I think that the way in which the hon. and gallant Gentleman is putting it to the House is, if I may say so, a little misleading. It is clear that no application for a receiver can be made unless there are proceedings against the lessee. That is an absolute condition precedent to any application for a receiver, and, therefore, in the case which the hon. and gallant Gentleman is now imagining, there could not conceivably be an application.

Captain Crookshank

I do not see why there should not be an application for a receiver. However, we can discuss the question later on.

Mr. Deputy-Speaker (Captain Bourne)

I think we had better deal with the later Amendment when we reach it. Obviously we cannot discuss it now. To do so would not be satisfactory to any quarter of the House.

Captain Crookshank

I think there is an answer to the hon. and learned Gentleman, but I will not give it now. The fact remains that, if the Commission are not to have any power of running the coal industry or taking part in any mining operations, it is essential that there should be a proviso to allow them to act in certain circumstances to keep the premises intact. That is the only purpose of the proviso—that, when there is not a lease, it may be possible for the Commission to do something that they could not do before, namely, maintain the premises in good order. For that purpose the words of the proviso are quite adequate. But to introduce the question of continuing employment is not really germane, and might in certain circumstances extend the sphere unduly. For that reason we ask the House not to accept the Amendment to the Lords Amendment.

5.42 p.m.

Mr. Herbert Morrison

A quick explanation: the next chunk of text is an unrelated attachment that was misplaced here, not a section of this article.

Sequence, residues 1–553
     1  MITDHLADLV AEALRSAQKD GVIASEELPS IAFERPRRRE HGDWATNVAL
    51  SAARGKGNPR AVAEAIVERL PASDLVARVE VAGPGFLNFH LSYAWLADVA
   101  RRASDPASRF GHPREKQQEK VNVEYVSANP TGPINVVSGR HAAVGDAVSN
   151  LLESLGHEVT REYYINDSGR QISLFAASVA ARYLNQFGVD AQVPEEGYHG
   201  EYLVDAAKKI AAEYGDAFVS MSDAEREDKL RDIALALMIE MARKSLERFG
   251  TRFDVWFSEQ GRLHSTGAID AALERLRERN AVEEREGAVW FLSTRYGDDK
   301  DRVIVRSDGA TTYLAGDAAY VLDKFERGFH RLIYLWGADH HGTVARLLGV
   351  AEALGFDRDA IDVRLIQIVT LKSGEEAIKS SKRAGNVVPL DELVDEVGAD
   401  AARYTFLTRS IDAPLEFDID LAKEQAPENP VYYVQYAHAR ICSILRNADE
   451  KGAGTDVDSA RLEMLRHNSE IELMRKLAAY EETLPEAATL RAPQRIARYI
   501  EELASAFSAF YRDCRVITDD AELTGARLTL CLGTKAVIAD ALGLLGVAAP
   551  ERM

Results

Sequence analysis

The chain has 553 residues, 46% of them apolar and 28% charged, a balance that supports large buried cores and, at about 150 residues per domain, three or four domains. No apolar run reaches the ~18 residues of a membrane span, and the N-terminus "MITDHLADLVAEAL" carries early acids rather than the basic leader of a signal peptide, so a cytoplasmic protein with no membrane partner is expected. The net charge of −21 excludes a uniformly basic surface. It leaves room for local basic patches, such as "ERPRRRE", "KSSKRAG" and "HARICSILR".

I will not make any extended reference to the later Amendment which the hon. and gallant Gentleman has mentioned, but will only say that it seems to me to have nothing to do with the general argument of my hon. and learned Friend the Member for East Bristol (Sir S. Cripps) and other hon. Members on this side of the House. The circumstances contemplated in the new Clause may not arise at all, but the real problem to which they have drawn attention will arise. The hon. and gallant Gentleman has attempted to prejudice the consideration of this businesslike and modest Amendment to the Lords Amendment by leading hon. Members on his own side of the House to believe that it is a quiet, secret and very artful way of bringing in the social revolution. I know that hon. Members opposite are easily roused, that it is quite simple to arouse political and economic prejudice in their minds in the consideration of a matter like this, and they may be led to believe the hon. and gallant Gentleman when he urges that it is a case in which my hon. and learned Friend has gone exceedingly Fabian in his methods of legislation. I know, however, that he is not concerned here with promoting any violence in this industry or any big change, but that he is quite reasonably concerned with a perfectly simple, restricted issue which requires businesslike attention. The Secretary for Mines has argued that under my hon. and learned Friend's Amendment the Coal Commission could proceed indefinitely to manage as many mining undertakings as they wished within their sphere as royalty owners, but surely he cannot have read either the Lords Amendment or the original Clause. The Lords Amendment distinctly provides, in Sub-section (2), that: The Commission shall not themselves engage in the business of coal-mining, and it goes on to say that they shall grant leases for those purposes. The only purpose of the proviso is to provide for certain exceptional circumstances in which they may do exceptional things. It is clear that any attempt on their part to engage in extended and wholesale coal-mining operations under our Amendment would be contrary to the spirit of the Clause as a whole, and an injunction would almost certainly descend upon the heads of the Commissioners. Apart from that, the Secretary for Mines, when he says that the Board of Trade itself has not under this Clause any power to give general directions, seems to have forgotten Sub-section (2) of the Clause, which is not affected by the Lords Amendment, and which provides that: The Board of Trade may give to the general Commission directions as to the exercise and performance by the Commission of their functions under this part of the Act. Therefore, directions could be given by the Board of Trade with a view to preventing the Commission from going in for an indiscriminate and wholesale socialisation of the actual job of winning coal from the mines. In any case, as my hon. and learned Friend has said, if the Government and their legal advisers think that these words go too far, we should be quite willing, as long as the purpose of the Amendment is met, to consider in a friendly way any other words which may be considered more appropriate. The Lords Amendment provides that: The Commission may carry on any operations for those purposes which may be requisite for preserving in good order premises that are not for the time being subject to a coal-mining lease. The Amendment to the Lords Amendment is concerned with preserving in good order human beings who have been working in this industry. It would seem that, from the point of view of the Government, it is right and proper that capital shall be kept in good order, that premises shall be kept in good order, that property shall be kept in good order; but they seem to be completely indifferent to the desirability of live human beings being kept in good order by continuing employment as well. It is typical of the state of mind of the Government that on this issue, as on nearly every issue that comes before the House, they are infinitely more concerned about the protection of dead property than about the protection of live human beings. It is utterly inconsiderate on the part of the President of the Board of Trade and the Secretary for Mines to resist this Amendment.